Dittany, or dittander, is the fourth excerpt from my medieval culinary glossary.
I’ve decided to start sharing excerpts from my glossary of medieval ingredients, kitchen equipment and cooking terminology.
What do pre-Conquest documents show about the use of parsley in early medieval England? One of the things I didn’t go into much detail about in my recent post Wild about parsley? was the use of parsley in medicine in early medieval England (more familiarly, the ‘Anglo-Saxon’ period). So I thought I would just shareContinue reading “More on Parsley”
What kind of parsley was used in medieval English cuisine? Today, parsley is nigh on ubiquitous. If we’re not growing it in our gardens, we’re growing it in squishy supermarket punnets on our kitchen windowsills. Or, may the culinary gods forgive us, we’ve got bunches of it languishing in our fridge salad draws! When beingContinue reading “Wild about parsley?”
This year I’ve grown sweet basil from seed for the first time. I only wanted a few plants, so this morning, after thinning out my seedlings a couple of weeks ago, I potted up my six basil babes to grow them on to adulthood. Sweet basil, Ocimum basilicum. My first go at growing basil fromContinue reading “The anti-Basilisk plant”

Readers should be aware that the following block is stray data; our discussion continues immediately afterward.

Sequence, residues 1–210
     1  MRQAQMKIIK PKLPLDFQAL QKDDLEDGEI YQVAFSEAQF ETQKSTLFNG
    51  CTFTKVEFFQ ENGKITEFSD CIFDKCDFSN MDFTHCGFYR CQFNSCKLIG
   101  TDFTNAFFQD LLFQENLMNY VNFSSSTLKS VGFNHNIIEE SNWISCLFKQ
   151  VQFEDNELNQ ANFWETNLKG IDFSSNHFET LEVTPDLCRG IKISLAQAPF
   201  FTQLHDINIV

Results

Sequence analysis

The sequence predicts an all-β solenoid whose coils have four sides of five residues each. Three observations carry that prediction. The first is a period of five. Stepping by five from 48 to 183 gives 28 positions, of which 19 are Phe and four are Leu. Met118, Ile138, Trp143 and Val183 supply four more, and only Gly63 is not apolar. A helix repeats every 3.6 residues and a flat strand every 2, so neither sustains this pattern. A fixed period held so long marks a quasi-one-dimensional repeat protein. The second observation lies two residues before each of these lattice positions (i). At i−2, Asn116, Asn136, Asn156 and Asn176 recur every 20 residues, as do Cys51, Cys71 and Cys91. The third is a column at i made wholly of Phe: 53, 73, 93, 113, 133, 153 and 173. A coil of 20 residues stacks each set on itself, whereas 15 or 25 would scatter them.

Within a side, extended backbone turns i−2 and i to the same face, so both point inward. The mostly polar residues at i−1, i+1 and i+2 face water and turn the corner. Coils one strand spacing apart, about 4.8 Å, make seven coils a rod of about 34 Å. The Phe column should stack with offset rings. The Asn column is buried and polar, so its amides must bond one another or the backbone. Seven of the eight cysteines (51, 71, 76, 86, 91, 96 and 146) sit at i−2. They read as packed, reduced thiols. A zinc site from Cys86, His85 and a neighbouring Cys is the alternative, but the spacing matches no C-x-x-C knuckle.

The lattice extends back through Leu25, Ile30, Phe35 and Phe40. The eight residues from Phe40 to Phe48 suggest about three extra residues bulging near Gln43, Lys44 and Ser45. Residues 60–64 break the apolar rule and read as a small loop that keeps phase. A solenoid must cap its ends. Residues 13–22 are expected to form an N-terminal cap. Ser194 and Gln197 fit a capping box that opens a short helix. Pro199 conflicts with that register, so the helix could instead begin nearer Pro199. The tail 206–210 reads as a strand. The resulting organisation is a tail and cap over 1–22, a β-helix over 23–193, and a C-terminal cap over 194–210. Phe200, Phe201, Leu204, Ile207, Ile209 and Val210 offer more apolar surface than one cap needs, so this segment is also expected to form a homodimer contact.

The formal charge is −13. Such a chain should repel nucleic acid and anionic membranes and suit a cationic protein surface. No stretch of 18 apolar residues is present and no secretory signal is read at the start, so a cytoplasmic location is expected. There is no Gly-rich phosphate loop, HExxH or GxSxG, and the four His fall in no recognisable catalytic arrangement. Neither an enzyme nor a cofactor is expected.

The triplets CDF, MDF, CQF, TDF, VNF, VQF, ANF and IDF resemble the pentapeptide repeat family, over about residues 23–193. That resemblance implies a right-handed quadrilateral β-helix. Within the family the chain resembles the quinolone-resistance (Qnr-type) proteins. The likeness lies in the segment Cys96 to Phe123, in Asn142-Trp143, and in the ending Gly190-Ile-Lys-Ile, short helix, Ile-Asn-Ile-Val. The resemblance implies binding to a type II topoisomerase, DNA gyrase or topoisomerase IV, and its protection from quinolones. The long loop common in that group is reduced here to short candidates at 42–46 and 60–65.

Yesterday, I was making a few revisions to one of the chapters in the book I’m writing, which at the moment has a working title of Sugar and Spice: The Cookery of Richard II. Whilst changing the font and the layout of the commentary sections – fiddling really – I came to the dish withContinue reading “Red as… alkanet”
Hello everyone! This is just to let you know I’ve written a new blog post on my mother website, The Medieval Monk, about the use of herbs in early England before the Norman Conquest (1066). I take as the basis for the piece Erbolate, a recipe using eleven herbs found in Forme of Cury, RichardContinue reading “Herbs in early England”